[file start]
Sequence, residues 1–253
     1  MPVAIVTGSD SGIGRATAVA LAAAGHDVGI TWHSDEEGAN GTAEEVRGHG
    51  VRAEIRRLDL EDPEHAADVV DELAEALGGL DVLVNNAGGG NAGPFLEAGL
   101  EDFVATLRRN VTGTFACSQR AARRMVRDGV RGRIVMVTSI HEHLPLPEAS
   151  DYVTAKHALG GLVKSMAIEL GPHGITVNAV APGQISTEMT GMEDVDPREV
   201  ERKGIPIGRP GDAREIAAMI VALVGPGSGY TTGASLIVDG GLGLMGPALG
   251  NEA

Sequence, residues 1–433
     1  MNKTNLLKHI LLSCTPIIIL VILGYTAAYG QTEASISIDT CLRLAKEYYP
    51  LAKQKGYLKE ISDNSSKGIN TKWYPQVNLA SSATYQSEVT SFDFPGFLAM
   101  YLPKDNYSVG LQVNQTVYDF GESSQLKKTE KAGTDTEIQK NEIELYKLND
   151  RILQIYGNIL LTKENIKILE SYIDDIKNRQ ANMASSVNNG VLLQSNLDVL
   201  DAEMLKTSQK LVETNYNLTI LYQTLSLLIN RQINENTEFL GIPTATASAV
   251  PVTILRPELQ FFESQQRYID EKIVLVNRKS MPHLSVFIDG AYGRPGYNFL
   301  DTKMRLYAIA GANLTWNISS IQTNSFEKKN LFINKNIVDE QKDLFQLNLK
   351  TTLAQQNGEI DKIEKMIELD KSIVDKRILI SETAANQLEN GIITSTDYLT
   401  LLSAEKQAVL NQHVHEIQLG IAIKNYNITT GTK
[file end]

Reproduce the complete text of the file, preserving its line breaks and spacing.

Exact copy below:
Sequence, residues 1–253
     1  MPVAIVTGSD SGIGRATAVA LAAAGHDVGI TWHSDEEGAN GTAEEVRGHG
    51  VRAEIRRLDL EDPEHAADVV DELAEALGGL DVLVNNAGGG NAGPFLEAGL
   101  EDFVATLRRN VTGTFACSQR AARRMVRDGV RGRIVMVTSI HEHLPLPEAS
   151  DYVTAKHALG GLVKSMAIEL GPHGITVNAV APGQISTEMT GMEDVDPREV
   201  ERKGIPIGRP GDAREIAAMI VALVGPGSGY TTGASLIVDG GLGLMGPALG
   251  NEA

Sequence, residues 1–433
     1  MNKTNLLKHI LLSCTPIIIL VILGYTAAYG QTEASISIDT CLRLAKEYYP
    51  LAKQKGYLKE ISDNSSKGIN TKWYPQVNLA SSATYQSEVT SFDFPGFLAM
   101  YLPKDNYSVG LQVNQTVYDF GESSQLKKTE KAGTDTEIQK NEIELYKLND
   151  RILQIYGNIL LTKENIKILE SYIDDIKNRQ ANMASSVNNG VLLQSNLDVL
   201  DAEMLKTSQK LVETNYNLTI LYQTLSLLIN RQINENTEFL GIPTATASAV
   251  PVTILRPELQ FFESQQRYID EKIVLVNRKS MPHLSVFIDG AYGRPGYNFL
   301  DTKMRLYAIA GANLTWNISS IQTNSFEKKN LFINKNIVDE QKDLFQLNLK
   351  TTLAQQNGEI DKIEKMIELD KSIVDKRILI SETAANQLEN GIITSTDYLT
   401  LLSAEKQAVL NQHVHEIQLG IAIKNYNITT GTK